“The principal matter recommended by the faction in New England, was an union of the congregational and presbyterian interests, throughout the Colonies…Thus the Presbyterians in the southern Colonies, who, while unconnected in their several congregations, were raised into weight and consequence; and a dangerous combination of men, whose principles of religion and polity were equally averse to those of the established Church and Government, was formed.” – Joseph Galloway, Loyalist, Speaker of the Pennsylvania Assembly
“If I were Washington I would summon all the American officers, they should form a circle around me, and I would address them, and we would offer a libation in our own blood, and I would order one of them to bring a lancet and a punch-bowl and we would bare our arms and be bled; and when the bowl was full, when we all had been bled, I would call on every man to consecrate himself to the work by dipping his sword into the bowl and entering into a solemn covenant engagement by oath, one to another, and we would swear by Him that sits upon the throne and liveth for ever and ever, that we would never sheathe our swords while there was an English soldier in arms remaining in America.” – Reverend John Ryland
Such were the words of the Baptist preacher, who in reality represented the sentiments of nearly every colonial Baptist church at the time of the War for Independence. So passionate was this denomination for the cause of liberty that, as the Declaration of Independence says, they pledged and sacrificed their “lives, fortunes, and sacred honor” for the cause.
“The current state of politics is a direct reflection of the state of our culture. The current state of our culture is a direct reflection of the state of the church. The current state of the church is a direct reflection of the state of a Christian’s walk with God.”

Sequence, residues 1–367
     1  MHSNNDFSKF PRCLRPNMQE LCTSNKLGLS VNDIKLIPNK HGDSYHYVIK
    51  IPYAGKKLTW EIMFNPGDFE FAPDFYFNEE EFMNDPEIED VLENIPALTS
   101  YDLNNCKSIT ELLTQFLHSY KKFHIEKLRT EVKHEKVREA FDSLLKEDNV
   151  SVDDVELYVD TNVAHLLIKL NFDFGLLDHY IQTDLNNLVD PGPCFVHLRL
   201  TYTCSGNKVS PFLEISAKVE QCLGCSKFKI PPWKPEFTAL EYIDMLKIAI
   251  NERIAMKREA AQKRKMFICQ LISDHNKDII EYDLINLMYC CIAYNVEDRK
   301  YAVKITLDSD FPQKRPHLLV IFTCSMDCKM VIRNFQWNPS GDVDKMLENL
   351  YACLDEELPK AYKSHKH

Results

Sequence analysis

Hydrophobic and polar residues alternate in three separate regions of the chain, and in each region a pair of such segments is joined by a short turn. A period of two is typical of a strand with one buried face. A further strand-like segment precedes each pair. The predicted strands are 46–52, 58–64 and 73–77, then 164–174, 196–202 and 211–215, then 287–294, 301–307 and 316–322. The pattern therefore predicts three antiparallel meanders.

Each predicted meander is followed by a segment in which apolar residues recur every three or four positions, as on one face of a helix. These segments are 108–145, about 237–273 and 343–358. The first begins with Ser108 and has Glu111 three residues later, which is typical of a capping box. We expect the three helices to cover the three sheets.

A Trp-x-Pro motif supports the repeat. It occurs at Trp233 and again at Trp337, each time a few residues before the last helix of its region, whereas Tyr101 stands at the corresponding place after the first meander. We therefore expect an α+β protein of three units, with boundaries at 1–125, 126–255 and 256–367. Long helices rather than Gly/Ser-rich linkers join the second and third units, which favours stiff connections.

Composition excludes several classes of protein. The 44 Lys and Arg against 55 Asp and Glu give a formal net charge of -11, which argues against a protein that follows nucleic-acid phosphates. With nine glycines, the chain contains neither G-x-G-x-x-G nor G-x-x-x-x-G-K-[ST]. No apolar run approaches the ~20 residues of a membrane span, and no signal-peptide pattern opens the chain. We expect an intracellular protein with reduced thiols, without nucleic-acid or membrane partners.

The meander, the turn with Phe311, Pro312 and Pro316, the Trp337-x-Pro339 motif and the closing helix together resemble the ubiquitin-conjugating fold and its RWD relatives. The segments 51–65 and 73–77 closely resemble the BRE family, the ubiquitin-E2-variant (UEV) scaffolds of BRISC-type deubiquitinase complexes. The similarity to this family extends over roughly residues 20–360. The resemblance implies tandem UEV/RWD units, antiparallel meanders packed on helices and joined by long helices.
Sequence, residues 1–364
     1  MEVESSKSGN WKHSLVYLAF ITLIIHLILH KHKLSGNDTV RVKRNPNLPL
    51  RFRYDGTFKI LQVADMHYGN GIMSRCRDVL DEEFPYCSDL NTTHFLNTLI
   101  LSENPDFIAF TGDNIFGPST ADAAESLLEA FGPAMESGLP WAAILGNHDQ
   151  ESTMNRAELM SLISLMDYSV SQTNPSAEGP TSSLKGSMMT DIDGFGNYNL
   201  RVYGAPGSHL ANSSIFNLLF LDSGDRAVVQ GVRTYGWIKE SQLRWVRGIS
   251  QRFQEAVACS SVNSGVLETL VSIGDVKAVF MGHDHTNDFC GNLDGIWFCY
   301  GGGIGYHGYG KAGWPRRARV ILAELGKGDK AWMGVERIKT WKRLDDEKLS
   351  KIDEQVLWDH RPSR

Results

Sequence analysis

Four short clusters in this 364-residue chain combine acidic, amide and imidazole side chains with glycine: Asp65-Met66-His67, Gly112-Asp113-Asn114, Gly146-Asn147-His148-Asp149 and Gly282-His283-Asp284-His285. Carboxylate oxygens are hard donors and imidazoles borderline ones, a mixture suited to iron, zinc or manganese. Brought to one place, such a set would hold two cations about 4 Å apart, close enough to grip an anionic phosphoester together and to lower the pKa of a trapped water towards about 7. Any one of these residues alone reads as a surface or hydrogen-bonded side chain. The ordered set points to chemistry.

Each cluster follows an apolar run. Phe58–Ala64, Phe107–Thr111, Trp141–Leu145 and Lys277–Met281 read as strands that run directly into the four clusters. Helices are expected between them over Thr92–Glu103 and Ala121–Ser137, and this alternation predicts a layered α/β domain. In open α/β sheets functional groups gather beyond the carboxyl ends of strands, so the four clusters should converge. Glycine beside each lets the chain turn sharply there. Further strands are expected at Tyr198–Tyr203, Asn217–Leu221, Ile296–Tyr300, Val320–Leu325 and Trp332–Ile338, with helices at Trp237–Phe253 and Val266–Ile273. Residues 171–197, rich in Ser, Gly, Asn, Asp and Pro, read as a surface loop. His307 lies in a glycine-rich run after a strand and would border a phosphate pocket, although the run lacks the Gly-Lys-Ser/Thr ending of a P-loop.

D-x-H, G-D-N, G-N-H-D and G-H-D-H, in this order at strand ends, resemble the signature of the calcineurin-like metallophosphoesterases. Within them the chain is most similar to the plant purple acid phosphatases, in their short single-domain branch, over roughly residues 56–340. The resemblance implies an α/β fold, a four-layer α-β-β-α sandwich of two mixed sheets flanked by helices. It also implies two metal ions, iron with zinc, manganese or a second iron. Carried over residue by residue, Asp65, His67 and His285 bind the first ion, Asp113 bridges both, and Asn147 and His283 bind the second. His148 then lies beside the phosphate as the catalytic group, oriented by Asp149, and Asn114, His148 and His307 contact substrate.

It’s Election Season 2018. Many primaries have finished, and still more have yet to happen. As is the norm amongst Christians and conservatives, we often look for the candidates who are the most principled, the most eloquent, the most firm in their beliefs. The ones who we know won’t capitulate upon taking office. The ones we know will follow through on their word. As a result, we act upon who we find, sacrificing our time, effort, and money to put those people in office.
Less than seventy years after the establishment of our governing documents, and around a century since the beginning of the Great Awakening, certain individuals sought to secularize the political arena, calling for the immediate end of all activities which stemmed from religion, such as prayer and worship, within the halls of our Capitol. Congress declined, stating,
“Had the people, during the Revolution, had a suspicion of any attempt to war against Christianity, that Revolution would have been strangled in its cradle. At the time of the adoption of the Constitution and the amendments, the universal sentiment was that Christianity should be encouraged, not any one sect.” – House Judiciary Committee, Thirty-Third United States Congress (1853-1854)